Updated: 11th March 2020
Incorporation as a limited company generally provides protection from director's facing personal liability for product guarantees and warranties. Setting up a business using this legal structure makes the company a separate legal entity, with director/shareholder liability being limited.
On liquidation, any customer wishing to use a current guarantee or warranty for one of your products effectively becomes an unsecured creditor, and must take their place in the creditor hierarchy.
Because unsecured creditors are placed at the bottom of the order for repayment during a liquidation process, it is unlikely that monies will be available to repay them. This does not affect your liability as a director, however, even if the product you sold became damaged or developed a fault.
People with reason to seek recompense for a faulty or damaged purchase need to produce a valid product guarantee or warranty. The liquidator will then register them as a creditor, and the amount they are owed is verified.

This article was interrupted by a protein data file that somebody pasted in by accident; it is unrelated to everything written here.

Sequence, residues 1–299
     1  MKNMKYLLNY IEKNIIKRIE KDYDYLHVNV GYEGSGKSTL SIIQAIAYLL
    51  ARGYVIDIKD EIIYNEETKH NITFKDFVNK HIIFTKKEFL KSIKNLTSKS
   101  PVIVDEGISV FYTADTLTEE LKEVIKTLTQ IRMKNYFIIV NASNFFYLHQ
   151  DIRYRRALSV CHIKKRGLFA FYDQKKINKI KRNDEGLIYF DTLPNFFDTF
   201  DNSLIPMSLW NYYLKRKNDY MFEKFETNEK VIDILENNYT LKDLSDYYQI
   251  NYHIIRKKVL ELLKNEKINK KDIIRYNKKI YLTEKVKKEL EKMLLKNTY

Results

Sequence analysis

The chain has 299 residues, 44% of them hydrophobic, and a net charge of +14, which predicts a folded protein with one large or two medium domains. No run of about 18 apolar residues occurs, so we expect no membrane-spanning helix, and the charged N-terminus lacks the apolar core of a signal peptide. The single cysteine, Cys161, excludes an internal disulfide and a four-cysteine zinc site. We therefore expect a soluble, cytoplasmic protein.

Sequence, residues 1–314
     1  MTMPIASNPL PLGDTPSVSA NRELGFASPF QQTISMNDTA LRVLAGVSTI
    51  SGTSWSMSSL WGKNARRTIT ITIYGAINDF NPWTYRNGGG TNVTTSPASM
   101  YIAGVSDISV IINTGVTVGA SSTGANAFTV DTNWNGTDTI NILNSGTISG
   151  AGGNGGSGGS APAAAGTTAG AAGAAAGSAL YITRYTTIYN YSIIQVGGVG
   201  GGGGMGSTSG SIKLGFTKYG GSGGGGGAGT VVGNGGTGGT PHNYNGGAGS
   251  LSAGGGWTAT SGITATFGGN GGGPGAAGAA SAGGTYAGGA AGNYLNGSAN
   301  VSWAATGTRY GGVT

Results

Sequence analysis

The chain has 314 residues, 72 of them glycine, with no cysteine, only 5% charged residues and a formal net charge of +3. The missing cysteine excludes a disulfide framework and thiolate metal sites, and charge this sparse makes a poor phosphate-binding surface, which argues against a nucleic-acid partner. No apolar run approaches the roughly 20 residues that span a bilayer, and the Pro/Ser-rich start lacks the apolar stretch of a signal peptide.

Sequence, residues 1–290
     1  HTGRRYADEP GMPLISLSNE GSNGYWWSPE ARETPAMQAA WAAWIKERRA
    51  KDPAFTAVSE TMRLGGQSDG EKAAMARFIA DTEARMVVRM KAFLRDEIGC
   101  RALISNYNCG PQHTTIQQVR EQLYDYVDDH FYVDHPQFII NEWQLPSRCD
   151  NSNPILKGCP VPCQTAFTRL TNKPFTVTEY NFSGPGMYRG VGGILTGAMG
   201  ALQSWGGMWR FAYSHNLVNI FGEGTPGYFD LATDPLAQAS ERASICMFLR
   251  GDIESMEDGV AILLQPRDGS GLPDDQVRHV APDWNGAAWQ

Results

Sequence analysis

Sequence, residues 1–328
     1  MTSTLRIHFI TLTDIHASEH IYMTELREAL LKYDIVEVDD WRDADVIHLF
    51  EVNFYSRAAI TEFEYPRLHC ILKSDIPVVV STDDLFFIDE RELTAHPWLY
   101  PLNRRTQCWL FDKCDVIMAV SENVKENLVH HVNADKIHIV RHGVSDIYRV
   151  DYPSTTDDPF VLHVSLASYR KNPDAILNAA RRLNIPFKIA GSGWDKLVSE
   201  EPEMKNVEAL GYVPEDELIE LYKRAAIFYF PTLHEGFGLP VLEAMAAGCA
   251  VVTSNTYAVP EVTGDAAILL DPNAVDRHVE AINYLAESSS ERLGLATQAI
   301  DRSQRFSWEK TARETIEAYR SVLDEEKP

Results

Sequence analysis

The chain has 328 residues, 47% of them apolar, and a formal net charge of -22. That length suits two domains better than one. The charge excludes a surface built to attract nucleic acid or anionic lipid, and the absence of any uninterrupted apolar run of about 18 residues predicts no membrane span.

Unsecured creditors can keep in touch with the liquidator in case surplus monies do become available, but in most cases it is the secured and preferential creditors who receive the highest returns in liquidation cases.
There may be other ways in which your creditor could recover their money, one of which is to make a claim via their credit card provider if this was the original method of payment. Alternatively, there may be a manufacturer’s guarantee in place which could also solve the problem.
Begbies Traynor can provide further guidance on your liability as a director during liquidation. We provide independent, unbiased advice, and with 37 offices around the country, can offer a same day meeting in complete confidence.